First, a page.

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IBD and advice for family members and friends

  • IBD is a highly variable condition, with substantial differences in the extent to which it impinges on the lives of family members
  • Effective and compassionate communication is essential to allow individuals with IBD to express and, when needed, discuss their concerns, feeling, and thoughts
  • Sometimes it can be very difficult for individuals with an illness to talk about what they are experiencing; trying to focused a discussion about illness or how they feel can be counterproductive
  • Sometimes just 'being there' (e.g., going to the hospital with them, being there when they meet their doctor, checking up on them when in hospital) for individuals with IBD is very helpful
  • Family members without IBD can also often feel anxiety, frustration and distress with regard witnessing what a family member with IBD is going through
  • If you have questions or concerns about how you are coping with living with a family member or friend with IBD, feel free to talk to your doctor, psychologist and/or local crohn's and colitis association
  • Nothing you did or said caused IBD

    Supporting someone witn IBD can be challenging and most loved ones want to do anything to help and they might put their own feelings and needs aside. Doing this for a short period of time might be ok, but it's essential that loved ones look after their own needs and take care of themselves.

    If you don't, it can lead to feeling exhausted, unwell and depression and anxiety in the carer. You will experience some role changes in the relationship. For example at times the carer may need to do more around the house, or be the driver. It is important to notice these changes and ask for help and know that it is ok for you to say no.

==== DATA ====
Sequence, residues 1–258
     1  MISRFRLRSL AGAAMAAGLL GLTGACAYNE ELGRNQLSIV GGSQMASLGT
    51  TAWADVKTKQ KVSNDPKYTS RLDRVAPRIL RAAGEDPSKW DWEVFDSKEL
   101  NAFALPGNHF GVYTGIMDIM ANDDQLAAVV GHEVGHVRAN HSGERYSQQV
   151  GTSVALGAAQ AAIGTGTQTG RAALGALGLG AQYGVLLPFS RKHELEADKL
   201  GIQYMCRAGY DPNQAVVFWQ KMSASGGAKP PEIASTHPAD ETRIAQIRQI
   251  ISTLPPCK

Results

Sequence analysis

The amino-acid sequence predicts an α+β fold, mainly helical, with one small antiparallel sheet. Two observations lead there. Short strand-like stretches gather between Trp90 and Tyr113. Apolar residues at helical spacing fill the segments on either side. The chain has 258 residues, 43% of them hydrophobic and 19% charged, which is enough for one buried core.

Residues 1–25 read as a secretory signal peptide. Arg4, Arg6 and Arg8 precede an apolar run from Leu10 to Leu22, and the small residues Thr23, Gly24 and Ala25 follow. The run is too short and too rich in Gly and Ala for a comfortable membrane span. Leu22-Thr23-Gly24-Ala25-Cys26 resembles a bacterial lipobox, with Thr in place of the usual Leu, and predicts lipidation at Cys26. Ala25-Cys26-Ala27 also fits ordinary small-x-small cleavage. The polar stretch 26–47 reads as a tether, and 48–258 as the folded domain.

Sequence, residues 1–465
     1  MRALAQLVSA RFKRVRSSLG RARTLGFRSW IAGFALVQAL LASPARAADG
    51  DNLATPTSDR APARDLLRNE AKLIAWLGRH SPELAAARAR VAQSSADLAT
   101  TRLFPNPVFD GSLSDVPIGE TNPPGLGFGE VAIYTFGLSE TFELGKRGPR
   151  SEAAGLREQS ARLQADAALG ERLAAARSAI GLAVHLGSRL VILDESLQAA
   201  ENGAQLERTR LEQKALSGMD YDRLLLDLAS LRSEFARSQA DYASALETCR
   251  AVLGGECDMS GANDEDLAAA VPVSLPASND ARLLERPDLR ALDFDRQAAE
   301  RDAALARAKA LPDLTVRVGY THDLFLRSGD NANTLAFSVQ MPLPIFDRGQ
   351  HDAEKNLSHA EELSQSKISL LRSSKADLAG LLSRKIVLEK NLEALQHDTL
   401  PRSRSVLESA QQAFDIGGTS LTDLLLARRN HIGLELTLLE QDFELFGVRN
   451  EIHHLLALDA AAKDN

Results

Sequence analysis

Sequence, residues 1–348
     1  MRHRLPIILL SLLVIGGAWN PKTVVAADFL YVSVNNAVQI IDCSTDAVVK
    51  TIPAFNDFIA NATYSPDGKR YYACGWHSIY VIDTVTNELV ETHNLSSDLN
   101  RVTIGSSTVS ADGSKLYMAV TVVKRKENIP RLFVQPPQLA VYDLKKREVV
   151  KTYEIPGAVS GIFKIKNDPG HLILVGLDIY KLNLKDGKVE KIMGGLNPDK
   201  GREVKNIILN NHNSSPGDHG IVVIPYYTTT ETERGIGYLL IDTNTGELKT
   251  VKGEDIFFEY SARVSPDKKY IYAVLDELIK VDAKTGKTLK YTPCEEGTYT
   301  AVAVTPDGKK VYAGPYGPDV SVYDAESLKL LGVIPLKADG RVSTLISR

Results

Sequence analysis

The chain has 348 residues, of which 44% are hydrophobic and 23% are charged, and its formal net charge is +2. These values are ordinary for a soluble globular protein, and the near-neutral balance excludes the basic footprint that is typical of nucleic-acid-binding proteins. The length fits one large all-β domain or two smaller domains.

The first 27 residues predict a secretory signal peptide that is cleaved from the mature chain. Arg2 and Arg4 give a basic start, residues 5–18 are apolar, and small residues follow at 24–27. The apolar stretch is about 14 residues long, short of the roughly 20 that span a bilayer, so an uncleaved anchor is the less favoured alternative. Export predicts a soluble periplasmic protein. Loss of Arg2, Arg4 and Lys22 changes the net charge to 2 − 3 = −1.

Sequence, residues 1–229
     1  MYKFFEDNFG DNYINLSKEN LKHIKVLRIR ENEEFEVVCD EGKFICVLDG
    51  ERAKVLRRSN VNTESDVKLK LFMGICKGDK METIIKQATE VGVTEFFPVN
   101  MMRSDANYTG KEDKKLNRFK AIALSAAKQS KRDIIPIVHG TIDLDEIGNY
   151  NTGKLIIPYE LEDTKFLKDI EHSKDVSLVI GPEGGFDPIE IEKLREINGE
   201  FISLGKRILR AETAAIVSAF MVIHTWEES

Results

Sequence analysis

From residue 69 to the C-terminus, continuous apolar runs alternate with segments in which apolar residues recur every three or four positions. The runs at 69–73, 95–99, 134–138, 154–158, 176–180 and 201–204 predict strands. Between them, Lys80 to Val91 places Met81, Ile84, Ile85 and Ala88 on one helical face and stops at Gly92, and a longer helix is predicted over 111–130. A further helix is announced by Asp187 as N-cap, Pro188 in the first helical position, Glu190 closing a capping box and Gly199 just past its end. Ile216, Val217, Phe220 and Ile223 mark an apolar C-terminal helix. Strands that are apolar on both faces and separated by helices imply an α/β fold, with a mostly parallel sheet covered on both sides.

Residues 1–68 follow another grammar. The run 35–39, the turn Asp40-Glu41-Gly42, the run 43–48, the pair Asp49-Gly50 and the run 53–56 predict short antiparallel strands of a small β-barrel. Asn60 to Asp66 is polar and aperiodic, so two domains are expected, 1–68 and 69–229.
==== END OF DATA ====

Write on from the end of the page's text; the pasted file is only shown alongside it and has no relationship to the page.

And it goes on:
Family member without IBD can also feel anger, anxiety, frustration and distress guilt with regard to witnessing what a family member is going through. It is ok to cry, to talk to someone about how you feel and let go of mistakes (if I did this, I should do that) and make sure you put energy aside for the things you enjoy.

    Questions you may want to ask doctors

    • What caused IBD
    • What makes it worse
    • What are the treatments
    • What are the side effects of treatments
    • How do I know if my loved ones need immediate medical attention
    • Will they need to follow a special diet
    • What can I do to help

    Communicating about IBD

    Sometimes people with IBD don't want to talk about their illness and symptoms, and other times they do. It is important to let them take the communicative lead. Important to let the person with IBD know you love them, care for them and that you are there for them.

    Be cautious of advice giving. The person with IBD usually has been given advice by a number of health professionals, and other people about all sorts of things, from diet, to medical treatment to complementary treatments.

    If someone is going through a flare-up, asking a non-specific question like “what is it I can do to help?” might put additional pressure on the person with IBD because they might be struggling to make decisions. It might be more helpful to offer specific things to help. For example “How about I cook dinner on Wednesday and Friday this week”, or “How about I do the shopping on Saturday morning for you”.

    It's okay to also keep the conversation light at times. Sometimes especially during a flare-up, it's hard for patient's to hear about more world disasters or about someone else's illness. It's okay to talk bout something that you did, or the persons interest, or the latest social gossip.

    Sometimes it's also okay not to talk and just sit with the person especially if they have just had surgery and have not got the energy for conversation.

    Helpful websites


If you are interested in other gastrointestinal-focused information and intervention websites developed and hosted at
Swinburne University of Technology,
please go to:

IBSclinic.org.au for individuals with Irritable Bowel Syndrome

Gastroparesisclinic.org for individuals with Gastroparesis


This website and its content is not intended or recommended as a substitute for medical advice, diagnosis or treatment. Always seek advice of your own physician or other qualified health care professional regarding any medical questions or conditions.

© 2014 Swinburne University of Technology | CRICOS number 00111D